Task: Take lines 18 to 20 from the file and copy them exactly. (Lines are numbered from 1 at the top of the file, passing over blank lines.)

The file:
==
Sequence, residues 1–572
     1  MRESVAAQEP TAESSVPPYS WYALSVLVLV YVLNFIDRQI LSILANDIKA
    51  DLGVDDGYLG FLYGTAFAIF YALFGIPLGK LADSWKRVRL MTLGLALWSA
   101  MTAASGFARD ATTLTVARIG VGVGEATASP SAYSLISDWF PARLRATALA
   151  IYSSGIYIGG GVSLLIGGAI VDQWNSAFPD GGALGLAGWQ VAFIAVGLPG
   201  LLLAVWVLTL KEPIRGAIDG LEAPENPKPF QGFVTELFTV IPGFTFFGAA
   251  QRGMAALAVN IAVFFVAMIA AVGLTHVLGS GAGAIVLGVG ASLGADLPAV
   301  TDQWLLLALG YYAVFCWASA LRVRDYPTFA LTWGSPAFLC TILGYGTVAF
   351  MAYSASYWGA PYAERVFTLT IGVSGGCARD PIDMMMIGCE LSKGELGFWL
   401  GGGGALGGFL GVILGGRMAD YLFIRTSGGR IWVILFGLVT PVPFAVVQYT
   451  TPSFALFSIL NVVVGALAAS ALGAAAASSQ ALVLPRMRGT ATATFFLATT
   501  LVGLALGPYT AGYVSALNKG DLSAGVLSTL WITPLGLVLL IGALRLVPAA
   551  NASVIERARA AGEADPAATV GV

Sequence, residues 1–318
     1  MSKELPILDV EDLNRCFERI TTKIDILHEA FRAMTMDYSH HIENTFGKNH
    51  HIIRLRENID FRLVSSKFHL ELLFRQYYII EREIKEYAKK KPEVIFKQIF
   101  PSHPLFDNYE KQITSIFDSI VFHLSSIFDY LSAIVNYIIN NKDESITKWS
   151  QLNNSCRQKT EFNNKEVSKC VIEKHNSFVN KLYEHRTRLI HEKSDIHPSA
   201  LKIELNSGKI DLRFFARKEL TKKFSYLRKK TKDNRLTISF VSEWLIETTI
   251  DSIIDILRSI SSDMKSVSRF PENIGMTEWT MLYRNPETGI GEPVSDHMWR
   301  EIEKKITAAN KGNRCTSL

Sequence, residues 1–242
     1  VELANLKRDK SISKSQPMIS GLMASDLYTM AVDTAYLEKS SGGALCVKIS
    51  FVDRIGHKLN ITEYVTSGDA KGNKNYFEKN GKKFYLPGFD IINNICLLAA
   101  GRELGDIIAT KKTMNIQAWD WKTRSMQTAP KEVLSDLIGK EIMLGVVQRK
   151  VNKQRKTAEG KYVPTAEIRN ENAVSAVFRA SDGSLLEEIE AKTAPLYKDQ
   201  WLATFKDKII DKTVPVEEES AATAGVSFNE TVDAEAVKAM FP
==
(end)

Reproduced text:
   151  QLNNSCRQKT EFNNKEVSKC VIEKHNSFVN KLYEHRTRLI HEKSDIHPSA
   201  LKIELNSGKI DLRFFARKEL TKKFSYLRKK TKDNRLTISF VSEWLIETTI
   251  DSIIDILRSI SSDMKSVSRF PENIGMTEWT MLYRNPETGI GEPVSDHMWR